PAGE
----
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Merriam Webster defines the word as:

  1. a : DEFEAT
    b : to prevent entirely from scoring or succeeding : SHUT OUT
  2. : to fail to pay; also : CHEAT

While the origin of the noun form of the word is provided, there is no mention of the origin of the verb except that it has been around since 1843. Online Etymology Dictionary mentions “skunk” as a noun but not as a verb.

skunk (n) refers to – according to Merriam Webster- either:

  1. a : any of various common omnivorous black-and-white New World mammals (esp. genus Mephitis) of the weasel family that have a pair of perineal glands from which a secretion of pungent and offensive odor is ejected
    b : the fur of a skunk

Or

  1. an obnoxious or disliked person

Origin (Online Etymology Dictionary):

1630s, squunck, from a southern New England Algonquian language (probably Abenaki) *seganku, from Proto-Algonquian */šeka:kwa/, from */šek-/ "to urinate" + */-a:kw/ "fox." As an insult, attested from 1841. Skunk cabbage is attested from 1751; earlier was skunkweed (1738)

How about the origin of the verb and is it related to that of the noun?

  • According to ODO and Collins, it's use as a verb is only in North American informal usage. I wasn't aware it could be a verb. – TrevorD Jun 16 '13 at 23:20
  • American humorist Josh Billings has this explanation (from Josh Billings, Hiz Sayings, 1868): "The term 'skunked,' which we often hear applied tew them that gits beat, wuz discovered in this wa: a Radikal and a Conservatiff, went out hunting skunks. The Radikal discovered one at sum distance off and without trieing tew git nearer, drew up his musquet, and shot him ded. The Consarvatiff undertook tew ketch his skunk alive, and the konsequents waz, he got—skunked." – Sven Yargs Jun 19 '13 at 1:15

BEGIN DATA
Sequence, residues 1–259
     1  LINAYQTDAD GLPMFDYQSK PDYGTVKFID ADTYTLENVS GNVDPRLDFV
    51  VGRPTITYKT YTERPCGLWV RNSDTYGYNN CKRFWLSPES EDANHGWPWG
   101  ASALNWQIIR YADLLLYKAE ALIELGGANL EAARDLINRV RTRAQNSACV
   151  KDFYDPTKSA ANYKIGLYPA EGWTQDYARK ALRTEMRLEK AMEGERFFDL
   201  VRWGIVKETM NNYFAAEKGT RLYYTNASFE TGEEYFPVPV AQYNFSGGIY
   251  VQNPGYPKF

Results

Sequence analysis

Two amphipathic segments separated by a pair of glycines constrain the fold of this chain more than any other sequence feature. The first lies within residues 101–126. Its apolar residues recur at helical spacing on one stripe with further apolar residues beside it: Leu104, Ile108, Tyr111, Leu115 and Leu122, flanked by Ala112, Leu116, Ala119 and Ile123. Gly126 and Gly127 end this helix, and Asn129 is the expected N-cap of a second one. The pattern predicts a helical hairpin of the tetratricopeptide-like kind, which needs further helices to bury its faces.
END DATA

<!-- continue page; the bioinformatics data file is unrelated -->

2

OED 1 gives the earliest use in an intransitive sense 1. a. ‘To fail. rare.’

1831 Constellation 1 Jan 54/1 It is a common expression in New-England, to say of a person, who does not get a king in the game of chequers, he skunked.

The earliest transitive use given in OED use is 1. b. ‘to defeat or get the better of; to inflict defeat upon.’

In some quots. in passive = ‘defeated without making a score’

OED 1 gives citations with this sense from the 1840s referring to card games, games of chance, and politics.

Alongside this, however, there are transitive uses with the sense cheat. OED 1 gives two:

2. a. To fail to pay (a bill or creditor)
1851 B.H. HallCollege Wods 284 Skunk, at Princeton College, to fail to pay a debt; used actively; e.g., to skunk a tailor, i.e., not to pay him.

b. To cheat; in pass., to be cheated out of
1890 C. W. Haskins Argonauts of Calif. xviii, 250, I got skunked once out of a good claim.

The last construction, however, is at least a hundred years older than the OED citation; the Worcester [Massachusetts] Magazine, III, xii (1787) ,151 has

… the heathen poets firſt invented theſe ſtories, and the heathen prieſts ſtole them from them, as badgers dig holes for themſelves, and afterwards are ſkunked out of them, by the foxes.

What exactly this means is suggested in this, from Mass Audubon, the website of the Massachusetts Audubon Society:

The skunk may excavate its own burrow [...] More often a skunk will take over the burrows of woodchucks or foxes.

So it appears that ‘cheat out of’ is the original sense, and that the sense ‘utterly defeat’ is derivative.

All the earliest citations are from, or attributed to, New England. All except the first are still current.

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